New York, New York…it’s a health tech town (Part 1)

New York, New York, a helluva town.
The Bronx is up, but the Battery’s down.
The people ride in a hole in the groun’.
New York, New York, it’s a helluva town!

From ‘On The Town’, lyrics Betty Comden/Adolph Green, music Leonard Bernstein

Last week’s three events convinced even The Gimlet Eye that New York City is finally a helluva town for many things eHealthy. There were full houses at both Health 2.0’s Matchpoint|East and Health 2.0 NYC’s first-ever Healthcare Pioneers: Healthcare 2020. CE Week, presented by the Consumer Electronics Association (CEA), prominently featured health tech on the packed show floor and hosted the Digital Health Summit (DHS). Matchpoint|East is our starting point in Part 1.

Matchpoint|East, Tuesday 25 June (@Goodwin Procter)

Health 2.0’s Matchpoint series combines general sessions held in a spacious corporate setting with designated 15-20 minute meetings/demos between ‘matched’ health tech entrepreneurs and large stakeholders, including Healthagen/Aetna, Humana, Hewlett-Packard, Athenahealth, Ziegler and numerous funders. It is organized to have generous networking, groups around tables and side meeting time in a compact five-hour session plus reception.

While your Editor did not have access to the stakeholder meetings, she saw early-stage entrepreneurs she knows, such as Serge Loncar of CareSpeak Communications [TA 14 May], readying their laptops and notes for these meetings–in business dress, with no jeans, sneakers, hoodies in sight. Mr. Loncar is a veteran with seven years building and evolving CareSpeak. On the other end of the spectrum was my lunch companion, Akhila Satish, CEO of CyberDoctor, who raised her targeted funding only last January on health crowdfunder MedStartr. Their Symptom Scan is a guided online form that delivers patient-reported symptom information directly to a clinician and Treatment Tracker records self-reported patient compliance, but Ms. Satish is already in her third iteration, Patient Partner, which enables patients to model their healthcare behaviors in a better way using a ‘third person’ device. It’s currently testing with non-compliant diabetics and scheduled to launch in September.

Other highlights:

Three big trends in healthcare innovation via Health 2.0’s co-chairman Matthew Holt: data mobility (Blue Button downloads), trackers (consumer engagement using sensor-based technology) and EMR usability (doctors moving away from EMRs which are difficult to use).

How entrepreneurs can mitigate risk from Goodwin Procter’s Jeff Klein (listen to your legal counsel!):

  • Know the customer’s purchasing cycle…their budget availability…their pressures…and how they acquire their customers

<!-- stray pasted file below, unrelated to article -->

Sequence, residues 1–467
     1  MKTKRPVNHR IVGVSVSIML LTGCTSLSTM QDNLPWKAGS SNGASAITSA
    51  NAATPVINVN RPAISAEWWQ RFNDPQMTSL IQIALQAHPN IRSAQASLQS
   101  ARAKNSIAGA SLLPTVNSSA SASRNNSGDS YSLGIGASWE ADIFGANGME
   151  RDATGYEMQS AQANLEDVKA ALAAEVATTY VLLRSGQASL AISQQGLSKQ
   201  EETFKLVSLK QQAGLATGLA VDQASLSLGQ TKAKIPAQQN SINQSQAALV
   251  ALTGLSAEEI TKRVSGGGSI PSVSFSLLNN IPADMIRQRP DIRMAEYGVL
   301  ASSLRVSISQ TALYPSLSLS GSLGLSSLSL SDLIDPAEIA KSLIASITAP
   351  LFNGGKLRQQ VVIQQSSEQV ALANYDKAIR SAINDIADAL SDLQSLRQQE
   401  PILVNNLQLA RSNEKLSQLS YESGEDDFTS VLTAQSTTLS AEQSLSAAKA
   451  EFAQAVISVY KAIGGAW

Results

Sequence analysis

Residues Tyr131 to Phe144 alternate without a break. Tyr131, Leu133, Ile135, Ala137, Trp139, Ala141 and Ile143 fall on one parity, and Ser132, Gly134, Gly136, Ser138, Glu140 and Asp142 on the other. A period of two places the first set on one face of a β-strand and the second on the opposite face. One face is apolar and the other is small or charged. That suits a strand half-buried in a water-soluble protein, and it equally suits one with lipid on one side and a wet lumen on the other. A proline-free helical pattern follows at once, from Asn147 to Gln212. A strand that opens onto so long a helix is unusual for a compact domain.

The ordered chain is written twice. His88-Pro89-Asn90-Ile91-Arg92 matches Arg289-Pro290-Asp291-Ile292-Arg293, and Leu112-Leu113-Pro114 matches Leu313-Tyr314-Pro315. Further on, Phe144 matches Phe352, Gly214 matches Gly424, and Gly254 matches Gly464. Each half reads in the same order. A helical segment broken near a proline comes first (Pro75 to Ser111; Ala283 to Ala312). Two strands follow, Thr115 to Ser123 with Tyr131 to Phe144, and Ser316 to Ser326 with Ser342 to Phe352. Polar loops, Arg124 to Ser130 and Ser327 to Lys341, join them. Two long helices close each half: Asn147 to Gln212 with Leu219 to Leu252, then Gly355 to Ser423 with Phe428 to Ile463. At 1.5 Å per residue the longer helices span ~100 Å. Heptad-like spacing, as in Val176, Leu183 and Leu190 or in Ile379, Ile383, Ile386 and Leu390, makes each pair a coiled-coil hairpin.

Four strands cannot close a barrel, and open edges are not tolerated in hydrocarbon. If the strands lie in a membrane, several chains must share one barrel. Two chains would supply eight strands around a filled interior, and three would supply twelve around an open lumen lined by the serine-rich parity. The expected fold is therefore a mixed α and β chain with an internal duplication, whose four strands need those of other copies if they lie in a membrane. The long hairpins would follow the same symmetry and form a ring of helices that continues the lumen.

• Your product has to address their problems (above)
  • Your contracting has to be scalable–the master services agreement (MSA) should apply to additional project/products.
  • Realize the process is complex and regulated. Privacy and security will be issues.
  • Make sure your contract has protected intellectual property and assignability if company is acquired or merges. (Templating a contract with the ‘ideal deal’ is highly advisable, not only to have on hand but also to work through issues.)
  • During the project, maintain momentum via excellent project management, milestoning/time management and moving forward.
  • Every touchpoint with the customer should be maximized

What you should pay attention to before you make a merger/acquisition deal (Christopher Austin–Goodwin Procter/Andy Colbert–Ziegler/Steve Chase–Medivo):

  • Have your financial house in order! Any kind of due diligence will expose the sketchy parts.
  • Don’t skip annual audits; it is tempting with overworked financial staff to do so and go to two years, but this will turn around and bite.
  • Really, really vet your financial staff–and bring in an outside CPA if needed to do so.

Funding and commercialization trends are changing (Unity Stoakes, StartUp Health, picture 1)…

click to enlarge

click to enlarge

….and crowdfunding is working as an alternative early-stage source (Alex Fair, MedStartr, picture 2).  Crowd may very well be the ‘new seed funding’–example Avado raising over $7,500  on MedStartr during September 2012 and now raising $1 million through NY Digital Health Accelerator (NYDHA) and AngelList.

Protect your intellectual property (IP) via patents, but understand that they may be challenged. Bhaskar Rhamurthy and Mike Ure of patent intelligence company Lynx Patents explained the US Patent and Trademark Office is only concerned with the patent’s validity and not whether it infringes on another patent.

  • Having patent intelligence can help you defend your patents (being there first), determining exclusivity, assets (gaps in IP of potential acquirers) and licensing opportunities.
  • The most litigated patent area–a favorite of NPEs (non-practicing entities) which own patents (a/k/a ‘patent trolls’)–is patient self-management.

The five preferred ways of collaborating with health providers (Jahan Ali, Partnership Fund for NY)

  1. Treat the collaboration as feedback on your tech
  2. The first question is how to integrate it with their workflow and current systems
  3. The CMIO (chief medical informatics officer) should be your primary champion–but have multiple ones
  4. On pilots, think through issues on payment and how much it really costs to structure the deal
  5. Create ways to utilize the provider as a mentor

Editor Donna thanks Health 2.0’s Joy Bhosai and Alex Fair of MedStartr for arrangements.

Part 2CE Week

Categories: Events - Reports and Latest News.

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